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Emperor Vs. Preo Nath Chowdhry - Court Judgment

LegalCrystal Citation
SubjectCriminal
CourtKolkata
Decided On
Judge
Reported in(1902)ILR29Cal489
AppellantEmperor
RespondentPreo Nath Chowdhry
Cases ReferredEmpress v. Wilkinson
Excerpt:
criminal breach of trust by servant - papers ordered to be destroyed--property--appropriation of papers by servant--penal code (act xlv of 1860) sections 95 and 408--criminal procedure code (act v of 1898) section 432. - .....question which the learned magistrate refers to us is, 'having regard to section 95 of the indian penal code and the case of the empress v. wilkinson (1898(sic)) c. w. n. 216., did the defendant commit any offence under section 408 of the indian penal code?'4. we think that section 95 of the indian penal code would have no application, unless the act in question amounted to an offence under the code, but for the operation of that section.5. as regards the question whether the act committed in itself amounted to an offence under section 408, we think that the case is closely analogous to that of the empress v. wilkinson (1898) 2 c. w. n. 216., to which the learned honorary magistrate refers, and in accordance with the view expressed in that case we hold that the act of the defendant did.....
Judgment:

Stevens and Harington, JJ.

1. This is a reference under Section 432 of the Code of Criminal Procedure made by one of the Honorary Presidency Magistrates.

2. The defendant was in the service of Messrs. Kilburn & Co., and he received from his employers some bags of waste paper with an order to take them to the Company's yard at Garden Reach and there to burn and destroy the papers. The defendant instead of destroying the papers brought some of them to Bow Bazar. The Honorary Magistrate is of opinion that the defendant disobeyed the orders of his masters and converted the papers to his own use. He adds that, though the papers are of no value to the firm, they might be misused by designing persons for the purpose of committing forgery.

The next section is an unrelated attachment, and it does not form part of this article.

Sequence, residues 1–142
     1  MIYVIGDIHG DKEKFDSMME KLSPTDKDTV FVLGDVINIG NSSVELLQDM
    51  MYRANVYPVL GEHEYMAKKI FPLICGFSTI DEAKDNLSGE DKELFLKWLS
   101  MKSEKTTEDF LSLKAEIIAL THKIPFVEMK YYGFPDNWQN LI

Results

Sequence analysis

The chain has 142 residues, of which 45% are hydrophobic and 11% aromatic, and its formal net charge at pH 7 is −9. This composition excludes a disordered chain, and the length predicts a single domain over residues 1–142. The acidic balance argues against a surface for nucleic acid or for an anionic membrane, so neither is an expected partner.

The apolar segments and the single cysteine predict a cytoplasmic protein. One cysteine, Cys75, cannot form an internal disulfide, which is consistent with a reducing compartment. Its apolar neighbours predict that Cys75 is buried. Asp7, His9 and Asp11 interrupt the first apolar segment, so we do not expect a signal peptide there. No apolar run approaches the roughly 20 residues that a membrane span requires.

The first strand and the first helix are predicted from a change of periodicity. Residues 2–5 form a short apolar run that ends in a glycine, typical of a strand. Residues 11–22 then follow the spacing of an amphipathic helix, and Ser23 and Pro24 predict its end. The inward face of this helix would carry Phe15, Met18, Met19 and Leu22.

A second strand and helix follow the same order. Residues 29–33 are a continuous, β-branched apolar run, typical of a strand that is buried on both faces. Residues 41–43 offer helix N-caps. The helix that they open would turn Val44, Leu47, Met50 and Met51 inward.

3. The question which the learned Magistrate refers to us is, 'having regard to Section 95 of the Indian Penal Code and the case of the Empress v. Wilkinson (1898(sic)) C. W. N. 216., did the defendant commit any offence under Section 408 of the Indian Penal Code?'

4. We think that Section 95 of the Indian Penal Code would have no application, unless the act in question amounted to an offence under the Code, but for the operation of that section.

5. As regards the question whether the act committed in itself amounted to an offence under Section 408, we think that the case is closely analogous to that of the Empress v. Wilkinson (1898) 2 C. W. N. 216., to which the learned Honorary Magistrate refers, and in accordance with the view expressed in that case we hold that the act of the defendant did not amount to criminal breach of trust.

6. Let this answer be returned to the Honorary Magistrate.


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